One person. One person less can fall to the idea that autistic is like retarded. I honestly think that might be my biggest achievement of the day, that one person just found out that yes, the top of the class CAN be autistic. Because that's what I was in my recitation for international politics. When we played Jeopardy with the answers from the classwork, I was the single biggest point scorer and my team decided that I was the reason they had won. Things like that mean that almost regardless of how weird I am, people weren't really going to guess that I'm autistic. So on the last day of recitation, I told the TA. I told him that I'm autistic, and that if anyone ever tries to tell him that autistics don't understand what's going on around them or that they're not as smart or that people can always tell if someone is autistic or not, he should remember me, and ignore them.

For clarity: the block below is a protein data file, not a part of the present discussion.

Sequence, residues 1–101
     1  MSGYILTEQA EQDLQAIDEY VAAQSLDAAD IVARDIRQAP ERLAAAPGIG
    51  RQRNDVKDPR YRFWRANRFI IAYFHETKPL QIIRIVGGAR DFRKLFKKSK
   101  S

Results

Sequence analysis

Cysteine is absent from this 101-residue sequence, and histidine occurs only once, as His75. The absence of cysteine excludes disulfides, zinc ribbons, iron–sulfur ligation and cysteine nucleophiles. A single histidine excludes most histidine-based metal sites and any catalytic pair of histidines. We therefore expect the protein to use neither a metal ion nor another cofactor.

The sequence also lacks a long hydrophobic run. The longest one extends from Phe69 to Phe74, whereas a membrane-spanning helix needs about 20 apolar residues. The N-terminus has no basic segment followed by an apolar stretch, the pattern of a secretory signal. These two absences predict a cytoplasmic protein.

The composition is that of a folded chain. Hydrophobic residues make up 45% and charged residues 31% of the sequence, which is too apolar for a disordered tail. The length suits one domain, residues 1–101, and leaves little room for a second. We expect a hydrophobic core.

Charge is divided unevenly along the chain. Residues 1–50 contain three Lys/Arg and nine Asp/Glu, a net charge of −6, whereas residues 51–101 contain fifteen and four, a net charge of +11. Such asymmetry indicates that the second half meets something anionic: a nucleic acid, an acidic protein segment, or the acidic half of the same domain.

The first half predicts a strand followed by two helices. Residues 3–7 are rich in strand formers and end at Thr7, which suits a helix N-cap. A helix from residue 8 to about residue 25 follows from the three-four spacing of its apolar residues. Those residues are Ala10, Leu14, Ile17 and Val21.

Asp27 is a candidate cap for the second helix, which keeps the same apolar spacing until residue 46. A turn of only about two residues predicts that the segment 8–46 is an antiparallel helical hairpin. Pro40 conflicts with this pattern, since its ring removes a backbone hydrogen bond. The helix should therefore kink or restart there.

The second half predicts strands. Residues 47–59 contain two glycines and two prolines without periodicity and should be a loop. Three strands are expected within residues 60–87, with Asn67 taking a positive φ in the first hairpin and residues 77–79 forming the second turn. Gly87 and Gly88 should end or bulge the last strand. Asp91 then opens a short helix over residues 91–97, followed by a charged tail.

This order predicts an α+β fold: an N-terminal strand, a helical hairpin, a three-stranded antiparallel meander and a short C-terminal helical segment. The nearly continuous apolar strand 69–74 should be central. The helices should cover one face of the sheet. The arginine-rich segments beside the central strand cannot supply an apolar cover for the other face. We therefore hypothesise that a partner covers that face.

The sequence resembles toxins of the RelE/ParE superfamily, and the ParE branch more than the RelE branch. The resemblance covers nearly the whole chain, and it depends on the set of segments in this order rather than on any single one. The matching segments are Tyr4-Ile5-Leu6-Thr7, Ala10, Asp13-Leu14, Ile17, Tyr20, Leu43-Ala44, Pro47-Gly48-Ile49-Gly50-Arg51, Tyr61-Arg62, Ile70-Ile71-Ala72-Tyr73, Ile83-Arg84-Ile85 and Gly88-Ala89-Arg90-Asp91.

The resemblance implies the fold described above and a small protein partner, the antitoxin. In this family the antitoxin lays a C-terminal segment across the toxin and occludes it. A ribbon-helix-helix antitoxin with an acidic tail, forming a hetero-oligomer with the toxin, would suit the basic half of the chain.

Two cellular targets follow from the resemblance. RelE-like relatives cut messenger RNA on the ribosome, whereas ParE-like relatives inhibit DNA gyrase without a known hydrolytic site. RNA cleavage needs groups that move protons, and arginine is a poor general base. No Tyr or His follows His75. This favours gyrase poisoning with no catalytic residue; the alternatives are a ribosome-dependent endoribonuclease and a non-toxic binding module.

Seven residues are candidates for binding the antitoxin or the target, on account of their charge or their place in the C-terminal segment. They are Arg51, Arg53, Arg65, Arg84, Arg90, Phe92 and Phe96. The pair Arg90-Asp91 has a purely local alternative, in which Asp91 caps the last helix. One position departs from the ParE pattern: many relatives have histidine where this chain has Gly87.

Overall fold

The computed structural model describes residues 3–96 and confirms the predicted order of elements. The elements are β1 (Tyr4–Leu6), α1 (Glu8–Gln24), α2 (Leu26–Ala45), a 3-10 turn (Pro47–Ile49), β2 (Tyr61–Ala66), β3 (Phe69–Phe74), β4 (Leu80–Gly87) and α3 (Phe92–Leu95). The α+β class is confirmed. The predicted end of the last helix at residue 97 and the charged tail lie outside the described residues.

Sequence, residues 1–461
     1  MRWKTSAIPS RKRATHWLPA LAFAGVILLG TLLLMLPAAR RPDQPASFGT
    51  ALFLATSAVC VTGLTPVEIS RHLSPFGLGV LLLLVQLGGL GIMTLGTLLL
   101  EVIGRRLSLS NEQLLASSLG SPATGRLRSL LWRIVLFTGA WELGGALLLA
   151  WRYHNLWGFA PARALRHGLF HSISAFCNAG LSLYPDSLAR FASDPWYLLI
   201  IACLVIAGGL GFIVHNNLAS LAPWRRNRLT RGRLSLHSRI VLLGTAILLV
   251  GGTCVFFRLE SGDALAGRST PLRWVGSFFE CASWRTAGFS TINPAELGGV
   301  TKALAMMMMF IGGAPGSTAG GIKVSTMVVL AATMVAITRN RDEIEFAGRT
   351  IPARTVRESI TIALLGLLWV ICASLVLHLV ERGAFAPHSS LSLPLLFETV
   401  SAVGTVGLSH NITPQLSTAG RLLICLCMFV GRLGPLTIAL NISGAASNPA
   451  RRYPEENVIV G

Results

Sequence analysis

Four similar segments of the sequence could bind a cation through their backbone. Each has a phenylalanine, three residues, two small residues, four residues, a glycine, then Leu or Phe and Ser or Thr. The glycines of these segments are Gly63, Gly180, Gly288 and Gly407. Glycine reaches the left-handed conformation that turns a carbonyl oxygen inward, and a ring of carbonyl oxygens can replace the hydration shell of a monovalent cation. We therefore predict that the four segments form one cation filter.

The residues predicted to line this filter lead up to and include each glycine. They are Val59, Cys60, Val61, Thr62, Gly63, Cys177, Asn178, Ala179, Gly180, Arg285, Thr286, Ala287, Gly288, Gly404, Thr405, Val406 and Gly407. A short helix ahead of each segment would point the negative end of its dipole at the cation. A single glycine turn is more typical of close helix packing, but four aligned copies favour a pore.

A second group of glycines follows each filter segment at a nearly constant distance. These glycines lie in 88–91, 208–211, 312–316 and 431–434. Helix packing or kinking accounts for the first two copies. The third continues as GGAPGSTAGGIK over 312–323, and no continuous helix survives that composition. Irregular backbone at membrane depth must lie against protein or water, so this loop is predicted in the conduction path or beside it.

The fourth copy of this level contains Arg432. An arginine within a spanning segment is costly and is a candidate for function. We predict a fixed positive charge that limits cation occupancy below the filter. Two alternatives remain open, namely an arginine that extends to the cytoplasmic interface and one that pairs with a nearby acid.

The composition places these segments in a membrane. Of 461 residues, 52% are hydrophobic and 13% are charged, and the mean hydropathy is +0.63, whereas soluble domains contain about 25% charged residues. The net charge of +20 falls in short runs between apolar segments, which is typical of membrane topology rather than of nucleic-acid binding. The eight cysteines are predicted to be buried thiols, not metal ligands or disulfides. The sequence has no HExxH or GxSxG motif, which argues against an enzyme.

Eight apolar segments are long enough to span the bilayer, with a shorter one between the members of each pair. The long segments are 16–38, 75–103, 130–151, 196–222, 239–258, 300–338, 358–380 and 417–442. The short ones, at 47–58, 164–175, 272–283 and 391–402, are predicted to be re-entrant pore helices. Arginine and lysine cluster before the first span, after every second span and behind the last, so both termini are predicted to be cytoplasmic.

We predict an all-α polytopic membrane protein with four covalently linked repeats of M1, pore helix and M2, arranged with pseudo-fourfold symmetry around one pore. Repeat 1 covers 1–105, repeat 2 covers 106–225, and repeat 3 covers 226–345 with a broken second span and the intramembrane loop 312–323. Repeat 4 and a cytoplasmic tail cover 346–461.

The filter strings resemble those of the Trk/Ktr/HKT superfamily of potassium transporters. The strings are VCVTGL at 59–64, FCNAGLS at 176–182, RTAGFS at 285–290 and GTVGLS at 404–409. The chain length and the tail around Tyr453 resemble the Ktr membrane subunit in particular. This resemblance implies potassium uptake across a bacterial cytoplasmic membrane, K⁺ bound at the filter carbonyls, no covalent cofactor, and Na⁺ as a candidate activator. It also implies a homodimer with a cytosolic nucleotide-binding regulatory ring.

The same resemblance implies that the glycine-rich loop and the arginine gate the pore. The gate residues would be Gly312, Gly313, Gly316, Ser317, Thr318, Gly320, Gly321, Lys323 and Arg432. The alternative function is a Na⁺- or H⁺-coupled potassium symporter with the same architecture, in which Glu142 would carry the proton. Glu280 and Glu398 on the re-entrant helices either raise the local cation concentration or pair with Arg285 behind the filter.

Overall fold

He was surprised. Most people who don't know me that well are. (My friends from high school displayed a complete lack of surprise to hear that I'm on the spectrum. They were more surprised by the fact it had taken so long for anyone else to figure it out.) But he got the point. He understood, at the end, why I winced whenever my classmates said something logically inconsistent with what they had said a moment before. He understood why I wasn't looking him in the eye when I told him, and that I had never actually looked him in the eye all semester. (I had used the forehead trick, though.) And most importantly, he understood that it is perfectly possible for the loud smart kid to be autistic, and that autism and intellectual disability are two very different things, neither of which make a person less of a person. My TA is only one person, but he is still one person who won't make that mistake, if that makes sense to anyone besides me.